Posted by: Lisa Hill | March 5, 2011

Mr Shakespeare’s Bastard (2010), by Richard B. Wright

Mr Shakespeare’s Bastard is the latest offering from Richard B. Wright, who won the Giller Prize for Clara Callan in 2001.  ANZ LitLovers read and enjoyed that in 2005, and Mr. Shakespeare’s Bastard shares the same kind of deceptive tone: this tale about Shakespeare’s illegitimate daughter seems slight and inconclusive but it’s seductively revealing about lives in another lifetime, with perhaps also a message for our own.  For the sub-text of this book is that whether a fatherless child identifies a man as her own parent with DNA or a lofty forehead, he may not want the relationship or even acknowledge it, and the way to handle that, is with dignity.  

Today, one suspects, any offspring discovering a celebrity parent would make haste to claim the accompanying fame and reward, but Linny does no such thing.  There was no fame or reward to be had, only mutual embarrassment and hurt for Shakespeare’s existing family.

The ultimate celebrity, the greatest poet and playwright in history, was then the darling only of the masses who flocked to the Globe Theatre.  Women were precluded from going to playhouses for fear of the rabble (for whom the bawdy bits are now said to be written), and those with puritanical religious beliefs (including Linny’s Aunt) thought such plays to be the work of the devil.  (As the story ends Shakespeare has been invited to perform before Queen Elizabeth I but this would have been a private performance.)

Nevertheless, Linny is consumed by curiosity.  She shares the same obsession with identity as some of our own age, and she wants to see the man whose stories she discovered with her mother.   For Linny and her mother, despite their lowly station, can read, and one of the gentle threads in this novel is the waste of this fine intelligence in the grand Elizabethan era, when one woman was demonstrating her capabilities to the world while the rest – whatever their class – were confined to stultifying domestic duties of one sort or another.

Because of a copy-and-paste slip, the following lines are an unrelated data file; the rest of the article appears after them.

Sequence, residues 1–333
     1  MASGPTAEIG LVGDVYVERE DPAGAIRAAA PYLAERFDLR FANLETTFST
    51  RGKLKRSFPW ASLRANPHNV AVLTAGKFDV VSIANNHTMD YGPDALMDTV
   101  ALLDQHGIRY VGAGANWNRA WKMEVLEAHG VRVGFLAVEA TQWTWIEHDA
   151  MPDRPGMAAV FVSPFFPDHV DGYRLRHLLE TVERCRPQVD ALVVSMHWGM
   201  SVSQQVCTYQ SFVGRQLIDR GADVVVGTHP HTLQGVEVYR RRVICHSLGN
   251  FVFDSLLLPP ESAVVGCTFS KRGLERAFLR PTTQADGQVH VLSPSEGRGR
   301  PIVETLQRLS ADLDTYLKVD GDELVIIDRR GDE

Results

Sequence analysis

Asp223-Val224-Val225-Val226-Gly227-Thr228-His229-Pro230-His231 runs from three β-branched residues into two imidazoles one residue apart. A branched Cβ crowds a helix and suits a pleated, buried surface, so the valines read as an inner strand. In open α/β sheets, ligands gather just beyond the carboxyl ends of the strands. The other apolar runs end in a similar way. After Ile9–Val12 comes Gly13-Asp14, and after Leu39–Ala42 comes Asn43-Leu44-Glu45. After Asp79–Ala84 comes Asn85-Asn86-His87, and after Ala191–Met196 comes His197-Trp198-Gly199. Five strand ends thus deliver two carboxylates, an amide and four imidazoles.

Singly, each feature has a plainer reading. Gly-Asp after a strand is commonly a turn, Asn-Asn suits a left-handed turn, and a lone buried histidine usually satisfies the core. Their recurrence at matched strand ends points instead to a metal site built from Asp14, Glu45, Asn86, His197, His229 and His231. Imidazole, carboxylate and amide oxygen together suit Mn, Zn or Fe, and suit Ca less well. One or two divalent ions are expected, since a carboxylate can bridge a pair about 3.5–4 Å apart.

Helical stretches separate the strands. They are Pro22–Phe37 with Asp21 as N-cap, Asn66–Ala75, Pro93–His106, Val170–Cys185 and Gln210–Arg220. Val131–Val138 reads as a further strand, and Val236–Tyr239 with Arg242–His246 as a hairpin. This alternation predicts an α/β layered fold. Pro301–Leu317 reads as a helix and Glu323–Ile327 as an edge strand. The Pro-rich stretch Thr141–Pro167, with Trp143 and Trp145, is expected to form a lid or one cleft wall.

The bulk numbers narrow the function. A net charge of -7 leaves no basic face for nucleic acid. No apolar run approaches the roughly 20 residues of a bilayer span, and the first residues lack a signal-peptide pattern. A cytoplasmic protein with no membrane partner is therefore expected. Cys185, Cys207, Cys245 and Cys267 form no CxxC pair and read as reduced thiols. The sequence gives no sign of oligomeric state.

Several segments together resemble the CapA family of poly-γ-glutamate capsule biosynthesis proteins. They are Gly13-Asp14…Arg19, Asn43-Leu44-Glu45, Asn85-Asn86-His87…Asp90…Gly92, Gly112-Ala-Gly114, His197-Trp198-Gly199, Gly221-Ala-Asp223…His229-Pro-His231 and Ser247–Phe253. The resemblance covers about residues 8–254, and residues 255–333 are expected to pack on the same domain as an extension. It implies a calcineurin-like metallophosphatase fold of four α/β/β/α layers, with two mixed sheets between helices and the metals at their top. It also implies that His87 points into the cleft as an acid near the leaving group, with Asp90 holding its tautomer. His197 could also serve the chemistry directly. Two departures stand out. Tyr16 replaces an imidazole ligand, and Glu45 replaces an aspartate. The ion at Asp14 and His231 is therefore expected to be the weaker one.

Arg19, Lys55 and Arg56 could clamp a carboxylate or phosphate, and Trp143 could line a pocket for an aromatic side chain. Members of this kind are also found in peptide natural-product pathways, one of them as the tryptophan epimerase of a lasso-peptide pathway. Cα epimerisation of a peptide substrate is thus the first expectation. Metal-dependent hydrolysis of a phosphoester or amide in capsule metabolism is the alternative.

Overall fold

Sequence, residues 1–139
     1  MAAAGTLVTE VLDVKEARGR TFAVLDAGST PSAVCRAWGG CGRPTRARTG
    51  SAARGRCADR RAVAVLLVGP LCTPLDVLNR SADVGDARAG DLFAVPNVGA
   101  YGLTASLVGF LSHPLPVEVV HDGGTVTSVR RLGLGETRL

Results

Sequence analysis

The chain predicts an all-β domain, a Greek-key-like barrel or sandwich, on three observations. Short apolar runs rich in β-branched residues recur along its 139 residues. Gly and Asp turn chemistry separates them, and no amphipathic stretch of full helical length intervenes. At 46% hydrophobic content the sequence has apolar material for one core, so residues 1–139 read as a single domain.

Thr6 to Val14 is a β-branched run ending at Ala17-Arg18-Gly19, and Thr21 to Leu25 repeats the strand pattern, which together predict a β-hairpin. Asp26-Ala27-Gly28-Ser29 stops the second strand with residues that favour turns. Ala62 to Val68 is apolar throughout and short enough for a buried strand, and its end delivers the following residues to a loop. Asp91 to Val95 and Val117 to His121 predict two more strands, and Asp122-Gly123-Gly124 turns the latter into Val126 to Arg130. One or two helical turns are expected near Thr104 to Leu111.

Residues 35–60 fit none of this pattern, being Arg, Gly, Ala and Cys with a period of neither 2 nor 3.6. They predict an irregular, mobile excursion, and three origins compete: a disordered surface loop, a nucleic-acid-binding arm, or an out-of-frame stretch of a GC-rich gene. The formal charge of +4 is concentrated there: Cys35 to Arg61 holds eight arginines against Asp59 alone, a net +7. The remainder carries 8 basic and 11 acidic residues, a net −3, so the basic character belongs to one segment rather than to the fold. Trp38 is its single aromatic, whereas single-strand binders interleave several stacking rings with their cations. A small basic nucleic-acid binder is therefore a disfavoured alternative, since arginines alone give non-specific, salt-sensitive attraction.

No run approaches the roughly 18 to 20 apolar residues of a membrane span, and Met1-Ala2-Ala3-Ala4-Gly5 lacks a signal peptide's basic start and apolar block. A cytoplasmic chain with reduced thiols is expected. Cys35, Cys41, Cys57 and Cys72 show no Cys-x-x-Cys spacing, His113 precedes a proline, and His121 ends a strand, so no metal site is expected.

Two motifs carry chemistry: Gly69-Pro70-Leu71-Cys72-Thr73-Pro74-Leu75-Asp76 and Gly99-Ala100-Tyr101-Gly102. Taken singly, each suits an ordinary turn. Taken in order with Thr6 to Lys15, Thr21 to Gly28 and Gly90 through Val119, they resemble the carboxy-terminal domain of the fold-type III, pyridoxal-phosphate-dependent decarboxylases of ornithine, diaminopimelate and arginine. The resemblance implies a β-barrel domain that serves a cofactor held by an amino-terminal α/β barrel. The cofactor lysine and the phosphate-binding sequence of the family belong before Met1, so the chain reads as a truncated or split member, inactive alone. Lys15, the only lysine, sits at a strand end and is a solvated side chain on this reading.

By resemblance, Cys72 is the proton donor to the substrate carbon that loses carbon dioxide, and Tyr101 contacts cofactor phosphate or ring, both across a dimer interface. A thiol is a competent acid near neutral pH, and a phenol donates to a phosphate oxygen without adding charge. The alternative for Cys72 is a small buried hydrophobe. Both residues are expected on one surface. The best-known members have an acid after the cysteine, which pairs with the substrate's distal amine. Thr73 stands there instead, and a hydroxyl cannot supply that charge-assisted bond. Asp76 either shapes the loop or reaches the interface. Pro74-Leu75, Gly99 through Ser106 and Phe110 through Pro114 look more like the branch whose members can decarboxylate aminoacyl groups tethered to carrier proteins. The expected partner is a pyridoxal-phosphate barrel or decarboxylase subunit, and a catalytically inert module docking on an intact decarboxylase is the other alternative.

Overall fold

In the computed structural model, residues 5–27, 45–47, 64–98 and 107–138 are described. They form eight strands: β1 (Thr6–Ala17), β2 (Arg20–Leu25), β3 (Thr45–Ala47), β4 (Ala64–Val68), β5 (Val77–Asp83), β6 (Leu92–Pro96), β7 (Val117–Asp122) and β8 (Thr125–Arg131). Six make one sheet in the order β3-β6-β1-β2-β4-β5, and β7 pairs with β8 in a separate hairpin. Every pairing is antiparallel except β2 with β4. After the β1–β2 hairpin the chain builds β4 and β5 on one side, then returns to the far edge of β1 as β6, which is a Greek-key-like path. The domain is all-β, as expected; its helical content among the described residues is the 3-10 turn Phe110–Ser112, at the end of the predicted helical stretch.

The interest in this novel lies in how Linny – in an age when women could only travel about with the permission of the men in their lives – might achieve her dream of meeting Shakespeare.  Blinded by cataracts like John Milton, she tells this story to her amanuensis Charlotte in the last weeks of her life.  Scholars will know how much of the portrait of Shakespeare is a confection or not; in a book so clearly signalled as a fictional recreation of an aspect of his little-known life it hardly matters. 

It’s easy reading; I finished it in an evening. 

Author: Richard B. Wright
Title: Mr Shakespeare’s Bastard
Publisher: Harper Collins 4th Estate 2010
ISBN: 9780732292409
Source: Loan from a friend, thanks Carol!


  1. That’s an interesting concept and it sounds like a good read. Beryl Bainbridge did something similar in According to Queenie which focuses on Hester Thrale, Dr Johnson’s mistress. I think these fictional recreations are very worthwhile so long as the author has done her research properly.


  2. Whoopee doo, I got this for my birthday. Now, I just have to find time to read it. Will read your post properly then!


    • If you enjoyed Geraldine Brooks’ Year of Wonders, (which I did, very much), then I think you would like this too, Sue.


      • Oh good … cos I did like that one. I also have Clara Callan in my TBR pile and have been wanting to read it for a while.


  3. Just finished the book. Who the heck was “Nicky” in Linny’s dream at the end?


    • Hello ‘historyfiction’ and welcome to chatting about books at ANZ LitLovers:)
      I’m sorry, I read it too long ago to be able to answer your question, and I don’t have the book any more to look it up.
      If you belong to GoodReads, you could try asking other readers there? There’s bound to be someone who will know, or maybe have written a review which mentions it.
      Good luck, I know how frustrating it can be!


      • Thanks Lisa. I did try googling for an answer but wasn’t successful. Silly writer slipping a character in like that :) I’ll check out Goodreads. Thanks!


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